All The Best Recipes

Christmas Recipe Research 2020

I’m happy to be linking back to last year’s Christmas Recipe Research.

I’ve got a duck and a goose, and I’m cooking them tomorrow.

I think the Simple Recipes “How to Cook a Goose” which removes the breast is a good method, because I’m packaging things up for my parents to pick up and finish at home:

Both ducks and geese are red meat birds—meaning the breasts of both need to be served medium-rare. That’s pink, or 140-150°F for those of you with thermometers.

With my method, you roast the goose for a while, then slice off the whole breast and finish it in a pan once the legs are done. That way you still get a nice roasted flavor on the whole goose, and you get crispy skin and you get properly pink breast meat.

I can follow this same method for the duck.

I have some meyer lemons and sherry that will get used. Main thing will be that I’ll salt everything tonight.

I hadn’t really thought of stuffing. There is some panettone that is leftover from Rachael’s trifle making, that I’ll mix with some onions and dried apricots in the duck I think.

My mom is making spaetzle. I’ll figure out some veggies tomorrow :slight_smile:

Here’s the goose. I salted it the night before, then rubbed it with a meyer lemon and paprika, then sprinkled koji salt all over.

Into the oven at 350 rather than 325 because the door wouldn’t close with this big pan!

Started the gravy with necks and bits. House smelling delicious already.

Goose after 40 minutes

Yes, temperature is right where it should be - between 130 - 140.

Cut the breasts off. Doesn’t look pretty, felt like a hack job.

I flipped the goose and cooked for another 40 minutes, then cut everything apart and took all the meat off the bones.

Half for us, half for my parents.

The skin is nice and salty and crisp.


Duck was also salted over night. Ended up rubbing with sumac, crushed brown cardamom, nutmeg, ground cloves, as well as rubbing with a meyer lemon and finishing with koji salt.

Put it in at 375 / door open. This is after 1hr or so?

I was juggling stuffing, Brussels sprouts, and roast veggies at this point and ran out of steam. I knew the breasts would overcook but didn’t have time to pause and so the duck breakdown.

I flipped it so the bottom would brown, which took another 45 minutes or so plus some light broil.

Took the duck apart to share with my parents. Legs and wings were great, breast was over cooked, but everything crispy salty delicious.

Spices didn’t come through that strongly, just some floral notes from the cardamom and lemony hints from the sumac.

Paused to package everything and share with parents.

I skipped lunch other than some cooked goose pieces so we had dinner at 4pm!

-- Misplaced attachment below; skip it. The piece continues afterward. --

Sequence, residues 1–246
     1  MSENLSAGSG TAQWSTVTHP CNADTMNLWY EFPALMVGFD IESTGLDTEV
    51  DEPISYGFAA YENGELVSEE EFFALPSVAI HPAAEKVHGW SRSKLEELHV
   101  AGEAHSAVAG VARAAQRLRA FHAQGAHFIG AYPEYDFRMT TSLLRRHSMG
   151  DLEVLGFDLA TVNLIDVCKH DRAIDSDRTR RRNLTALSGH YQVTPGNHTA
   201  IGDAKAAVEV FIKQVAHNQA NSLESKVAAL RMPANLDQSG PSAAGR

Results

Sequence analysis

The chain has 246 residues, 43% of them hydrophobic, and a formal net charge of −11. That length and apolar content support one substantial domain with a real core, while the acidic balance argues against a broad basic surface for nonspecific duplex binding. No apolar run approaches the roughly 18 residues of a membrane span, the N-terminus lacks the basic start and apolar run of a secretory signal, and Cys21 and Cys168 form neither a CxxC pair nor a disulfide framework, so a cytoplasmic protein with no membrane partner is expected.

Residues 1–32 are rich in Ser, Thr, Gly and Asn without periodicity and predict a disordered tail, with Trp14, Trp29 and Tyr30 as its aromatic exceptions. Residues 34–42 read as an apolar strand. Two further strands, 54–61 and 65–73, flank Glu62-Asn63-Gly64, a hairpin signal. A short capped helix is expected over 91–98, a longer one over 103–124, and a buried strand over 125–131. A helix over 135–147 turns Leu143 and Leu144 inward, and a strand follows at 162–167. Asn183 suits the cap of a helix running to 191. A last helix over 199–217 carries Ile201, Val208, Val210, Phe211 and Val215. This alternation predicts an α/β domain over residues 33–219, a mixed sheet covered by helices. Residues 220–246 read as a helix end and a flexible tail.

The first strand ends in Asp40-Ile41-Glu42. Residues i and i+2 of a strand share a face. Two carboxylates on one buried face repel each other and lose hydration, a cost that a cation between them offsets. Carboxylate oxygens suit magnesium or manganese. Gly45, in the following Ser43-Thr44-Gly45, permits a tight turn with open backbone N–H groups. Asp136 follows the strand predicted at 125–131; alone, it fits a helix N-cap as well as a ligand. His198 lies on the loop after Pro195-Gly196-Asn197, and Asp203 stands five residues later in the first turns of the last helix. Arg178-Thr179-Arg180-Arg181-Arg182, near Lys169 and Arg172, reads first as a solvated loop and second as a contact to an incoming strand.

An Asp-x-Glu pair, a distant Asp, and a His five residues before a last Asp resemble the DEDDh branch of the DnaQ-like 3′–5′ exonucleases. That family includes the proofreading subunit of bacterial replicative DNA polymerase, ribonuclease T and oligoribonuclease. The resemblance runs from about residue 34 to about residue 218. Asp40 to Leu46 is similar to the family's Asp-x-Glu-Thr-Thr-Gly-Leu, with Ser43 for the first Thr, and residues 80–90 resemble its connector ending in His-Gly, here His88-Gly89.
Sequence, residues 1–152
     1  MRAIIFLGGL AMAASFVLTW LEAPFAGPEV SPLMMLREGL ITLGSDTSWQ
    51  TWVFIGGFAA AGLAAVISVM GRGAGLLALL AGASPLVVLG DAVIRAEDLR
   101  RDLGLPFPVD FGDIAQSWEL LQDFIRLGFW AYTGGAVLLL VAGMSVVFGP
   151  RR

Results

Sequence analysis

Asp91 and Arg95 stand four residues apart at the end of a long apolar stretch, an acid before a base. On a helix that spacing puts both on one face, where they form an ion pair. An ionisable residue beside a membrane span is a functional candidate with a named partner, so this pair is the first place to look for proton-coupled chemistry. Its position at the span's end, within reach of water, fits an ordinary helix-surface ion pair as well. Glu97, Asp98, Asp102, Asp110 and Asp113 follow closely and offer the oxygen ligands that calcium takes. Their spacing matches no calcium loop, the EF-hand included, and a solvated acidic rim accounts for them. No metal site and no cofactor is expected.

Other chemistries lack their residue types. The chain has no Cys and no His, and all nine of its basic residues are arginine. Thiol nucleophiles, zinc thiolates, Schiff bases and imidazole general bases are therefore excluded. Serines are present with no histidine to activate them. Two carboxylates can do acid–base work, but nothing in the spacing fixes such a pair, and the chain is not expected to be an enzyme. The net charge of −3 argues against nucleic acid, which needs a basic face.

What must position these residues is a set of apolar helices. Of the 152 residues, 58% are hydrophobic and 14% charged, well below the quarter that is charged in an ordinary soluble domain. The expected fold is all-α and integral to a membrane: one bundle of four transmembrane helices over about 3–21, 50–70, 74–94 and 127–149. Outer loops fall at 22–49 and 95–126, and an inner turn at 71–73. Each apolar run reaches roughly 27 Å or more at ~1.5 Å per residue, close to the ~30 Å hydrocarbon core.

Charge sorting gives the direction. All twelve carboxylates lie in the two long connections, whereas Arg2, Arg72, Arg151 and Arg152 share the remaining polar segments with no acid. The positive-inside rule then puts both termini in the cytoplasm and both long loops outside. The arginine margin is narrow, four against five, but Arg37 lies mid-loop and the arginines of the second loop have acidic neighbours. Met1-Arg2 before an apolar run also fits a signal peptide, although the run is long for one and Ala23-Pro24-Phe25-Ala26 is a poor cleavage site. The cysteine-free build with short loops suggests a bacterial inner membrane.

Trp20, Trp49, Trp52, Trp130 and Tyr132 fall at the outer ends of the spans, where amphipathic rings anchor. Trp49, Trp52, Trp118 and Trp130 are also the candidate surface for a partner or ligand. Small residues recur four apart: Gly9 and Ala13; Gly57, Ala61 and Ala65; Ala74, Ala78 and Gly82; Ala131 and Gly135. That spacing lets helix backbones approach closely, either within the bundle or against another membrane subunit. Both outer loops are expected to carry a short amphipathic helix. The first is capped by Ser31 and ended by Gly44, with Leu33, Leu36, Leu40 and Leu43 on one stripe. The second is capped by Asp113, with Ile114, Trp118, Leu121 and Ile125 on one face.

Goose Breast and actual Dinner

I put a Tbsp of reserved goose fat in a pan and put the half goose breast in it. Pushed it down and kept moving around the pan.

Briefly seared meat side down — you can see how red it was.

I salted with koji salt and we sat down to eat.

This is definitely a top 5 meat that I’ve made. Extremely happy with how it turned out. Crisp and crackly skin layer, soft fat layer underneath, and light pink goose breast underneath.

Here’s the full plate.

  • Spätzle noodles made by my mom
  • Brussels sprouts sautéed with smoked pork loin and garlic, finished with lemon juice, sherry vinegar, and a bit of maple syrup
  • Stuffing with goose giblets, onions, green leek tops, zest of a meyer lemon, dried apricots, diced celery, thyme, and a citrus panettone as the bread, plus goose fat
  • roasted sweet potatoes, celery, parsnips, fennel - done in goose fat with a bit of salt and a bit of maple syrup

The sweet potatoes and parsnips were good. The celery, which I cut diagonally, ended up shriveling up. Rachael’s comment “I’m not eating dried up leaves”.

This is what was leftover AFTER Rachael and I ate. I snacked a bit later in the evening - ate the goose wing because it wouldn’t fit in the leftover container :wink:

Oh yeah. Used a stick blender to blend the stock into gravy. Balanced with red wine, sherry, and some maple syrup. I usually make a flour and oil base and use stock and get a very think gravy. This was tasty as is but obviously a little thin.

First time using the big pan with the rack. Way more even and crisp poultry cooking. Cooking with the door open isn’t great. This is a half sheet, a quarter sheet would be fine for the duck and similarly sized chickens.

Duck and goose breast can be bought separately and are obviously way less complicated and messy. And my new Sous vide should come in handy with those too.